A cost-effective limescale remover for your appliances
Citric Acid is part of the non-toxic 'Clean and Natural' Range and is a descaler that’s made of natural acid found in citrus fruits. By keeping appliances free of limescale, less electricity is required to operate them and they will have a longer service life.
Using Citric Acid around the home
Much of the UK has some degree of hard water and it is very hard in the east and south east of England. This map will show you how hard the water is in your area.
The white deposits that build up on kettle elements are perhaps the most recognisable signs of limescale. They can also be found on taps, showerheads and even in toilet bowls and the grout between tiles. There are also limescale deposits that can't be seen - such as in coffee machines, washing machines, steam irons and the heating elements of sterilisers for babies’ bottles.
To protect your appliances, descale them regularly to prevent build-up. The harder your water, the more regularly this will need to be done. Once limescale has built up to severe levels, the appliance can break down altogether.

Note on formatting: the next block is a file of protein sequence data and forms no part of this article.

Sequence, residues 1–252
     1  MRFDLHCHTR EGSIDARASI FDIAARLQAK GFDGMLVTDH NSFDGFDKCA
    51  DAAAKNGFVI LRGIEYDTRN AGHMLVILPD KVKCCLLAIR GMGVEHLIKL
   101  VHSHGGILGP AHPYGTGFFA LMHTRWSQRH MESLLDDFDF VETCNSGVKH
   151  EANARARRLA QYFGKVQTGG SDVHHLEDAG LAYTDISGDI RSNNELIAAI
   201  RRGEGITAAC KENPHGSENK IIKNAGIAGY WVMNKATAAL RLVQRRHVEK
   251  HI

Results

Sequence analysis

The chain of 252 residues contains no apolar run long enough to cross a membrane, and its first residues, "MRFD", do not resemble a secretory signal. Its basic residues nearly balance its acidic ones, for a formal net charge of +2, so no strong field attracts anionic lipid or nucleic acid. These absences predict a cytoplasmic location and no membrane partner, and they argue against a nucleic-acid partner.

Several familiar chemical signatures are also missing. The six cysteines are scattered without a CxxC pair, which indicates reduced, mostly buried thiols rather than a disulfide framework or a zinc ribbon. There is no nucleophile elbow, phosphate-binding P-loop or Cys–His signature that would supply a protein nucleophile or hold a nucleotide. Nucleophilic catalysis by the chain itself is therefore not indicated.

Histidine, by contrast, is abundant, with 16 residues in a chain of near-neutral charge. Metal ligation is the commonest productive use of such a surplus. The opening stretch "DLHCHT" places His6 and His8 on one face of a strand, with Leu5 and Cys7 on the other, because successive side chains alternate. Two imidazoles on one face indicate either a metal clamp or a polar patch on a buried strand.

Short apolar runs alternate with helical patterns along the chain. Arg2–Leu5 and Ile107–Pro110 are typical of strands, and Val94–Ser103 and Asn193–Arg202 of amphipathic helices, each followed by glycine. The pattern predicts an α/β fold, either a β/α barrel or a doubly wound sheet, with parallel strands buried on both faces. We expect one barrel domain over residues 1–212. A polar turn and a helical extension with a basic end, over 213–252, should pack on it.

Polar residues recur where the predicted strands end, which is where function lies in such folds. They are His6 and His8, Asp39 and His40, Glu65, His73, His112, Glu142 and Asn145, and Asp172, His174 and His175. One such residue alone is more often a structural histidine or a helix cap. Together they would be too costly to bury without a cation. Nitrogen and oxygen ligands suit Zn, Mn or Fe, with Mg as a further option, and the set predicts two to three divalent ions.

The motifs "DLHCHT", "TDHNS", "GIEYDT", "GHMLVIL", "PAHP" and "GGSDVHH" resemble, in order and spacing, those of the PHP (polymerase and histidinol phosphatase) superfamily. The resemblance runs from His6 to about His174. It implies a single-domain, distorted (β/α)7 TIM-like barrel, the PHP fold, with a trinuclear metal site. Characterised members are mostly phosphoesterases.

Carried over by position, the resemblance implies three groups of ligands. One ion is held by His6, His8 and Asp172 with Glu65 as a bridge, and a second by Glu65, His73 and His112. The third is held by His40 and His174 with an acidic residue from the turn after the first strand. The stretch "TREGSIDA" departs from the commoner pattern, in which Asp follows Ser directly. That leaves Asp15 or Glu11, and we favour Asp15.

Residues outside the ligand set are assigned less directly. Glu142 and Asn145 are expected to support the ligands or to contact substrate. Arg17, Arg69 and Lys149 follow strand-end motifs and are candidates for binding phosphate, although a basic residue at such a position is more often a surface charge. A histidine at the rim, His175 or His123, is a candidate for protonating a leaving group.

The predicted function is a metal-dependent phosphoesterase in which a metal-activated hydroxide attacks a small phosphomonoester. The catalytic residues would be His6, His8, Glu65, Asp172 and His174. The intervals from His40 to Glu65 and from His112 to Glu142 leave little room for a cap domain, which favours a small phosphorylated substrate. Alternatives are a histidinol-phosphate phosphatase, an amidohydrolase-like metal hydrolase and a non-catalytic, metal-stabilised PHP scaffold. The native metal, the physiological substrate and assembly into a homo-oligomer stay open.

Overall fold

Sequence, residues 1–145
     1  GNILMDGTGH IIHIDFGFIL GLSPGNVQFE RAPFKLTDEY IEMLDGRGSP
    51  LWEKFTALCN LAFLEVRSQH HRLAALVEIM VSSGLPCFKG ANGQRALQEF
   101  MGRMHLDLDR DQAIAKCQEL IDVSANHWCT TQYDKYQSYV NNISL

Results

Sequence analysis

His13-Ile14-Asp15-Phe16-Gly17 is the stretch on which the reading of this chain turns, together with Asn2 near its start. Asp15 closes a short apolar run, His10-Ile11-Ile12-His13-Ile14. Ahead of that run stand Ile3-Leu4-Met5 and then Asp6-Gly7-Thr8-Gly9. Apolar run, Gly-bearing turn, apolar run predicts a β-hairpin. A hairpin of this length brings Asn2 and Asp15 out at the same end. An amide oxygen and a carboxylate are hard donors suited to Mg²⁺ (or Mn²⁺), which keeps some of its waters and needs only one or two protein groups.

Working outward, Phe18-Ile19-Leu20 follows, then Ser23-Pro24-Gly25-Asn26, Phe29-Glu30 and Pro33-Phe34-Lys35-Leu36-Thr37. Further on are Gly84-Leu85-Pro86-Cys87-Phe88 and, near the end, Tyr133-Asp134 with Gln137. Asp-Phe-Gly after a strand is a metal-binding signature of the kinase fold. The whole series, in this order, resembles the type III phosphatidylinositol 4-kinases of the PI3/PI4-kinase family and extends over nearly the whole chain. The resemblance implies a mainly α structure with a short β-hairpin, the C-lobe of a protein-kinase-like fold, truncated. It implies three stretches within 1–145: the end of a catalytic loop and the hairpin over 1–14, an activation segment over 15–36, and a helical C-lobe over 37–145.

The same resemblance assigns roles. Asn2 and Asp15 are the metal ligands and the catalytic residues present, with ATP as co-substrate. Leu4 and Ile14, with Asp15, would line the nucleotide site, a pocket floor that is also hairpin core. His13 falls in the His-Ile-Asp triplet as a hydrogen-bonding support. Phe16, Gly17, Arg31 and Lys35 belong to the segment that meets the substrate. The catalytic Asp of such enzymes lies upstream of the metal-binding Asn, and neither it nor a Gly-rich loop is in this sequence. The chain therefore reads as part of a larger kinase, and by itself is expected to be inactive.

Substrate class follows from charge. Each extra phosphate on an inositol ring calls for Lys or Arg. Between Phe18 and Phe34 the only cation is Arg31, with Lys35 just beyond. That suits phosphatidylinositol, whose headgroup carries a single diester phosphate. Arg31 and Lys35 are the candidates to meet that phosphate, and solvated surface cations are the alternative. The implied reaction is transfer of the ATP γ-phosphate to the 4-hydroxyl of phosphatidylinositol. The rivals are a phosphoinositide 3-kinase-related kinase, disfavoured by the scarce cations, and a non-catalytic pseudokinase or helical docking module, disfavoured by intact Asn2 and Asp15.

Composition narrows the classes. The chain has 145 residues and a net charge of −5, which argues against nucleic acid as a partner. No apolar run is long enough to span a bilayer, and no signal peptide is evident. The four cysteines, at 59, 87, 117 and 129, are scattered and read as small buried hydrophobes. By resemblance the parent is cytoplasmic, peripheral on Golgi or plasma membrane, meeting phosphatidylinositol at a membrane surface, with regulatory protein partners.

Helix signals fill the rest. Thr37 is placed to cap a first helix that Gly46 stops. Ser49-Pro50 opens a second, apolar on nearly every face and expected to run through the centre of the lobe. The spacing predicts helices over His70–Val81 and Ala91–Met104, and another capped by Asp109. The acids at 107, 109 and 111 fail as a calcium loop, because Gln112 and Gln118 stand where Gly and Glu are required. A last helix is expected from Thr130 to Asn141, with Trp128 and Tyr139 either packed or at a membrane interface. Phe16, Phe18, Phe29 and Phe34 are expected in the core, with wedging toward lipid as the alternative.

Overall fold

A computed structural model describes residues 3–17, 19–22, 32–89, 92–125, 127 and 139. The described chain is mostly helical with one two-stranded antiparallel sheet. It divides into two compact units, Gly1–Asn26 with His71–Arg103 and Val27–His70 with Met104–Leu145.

For kettles, simply pour some citric acid into the kettle - about a tablespoon full and add about an inch worth of water, so that the element or base plate is covered with water. Switch on the kettle and as it heats up, you will see the limescale fizzing as it reacts with the acid. You can turn the kettle off before it reaches the boil. If the fizzing stops and there is limescale remaining, then repeat the process until all limescale is removed. Usually it will be gone 1st attempt. Discard the water, rinse out the kettle a couple of times.
Where to buy Citric Acid
Citric acid is available from Wilko, Home Hardware and independent hardware stores. There's more information on our Buy page In Eire, you can buy Citric Acid from Mr Price. Find your nearest Mr Price store.
- Pour a bucket of hot water down the toilet. Wait for it to drain, then pour in another bucket of hot water.
Alternatively, plunge the bowl with a toilet brush until most of the water has gone and then pour in a bucket of hot water
- Add half a packet of citric acid; the hot water should help activate the reaction between the alkaline limescale and the citric acid; you may even see it fizzing
- Leave for at least an hour or preferably overnight
- Repeat the process if necessary or use a stiff toilet brush to remove the loosened limescale.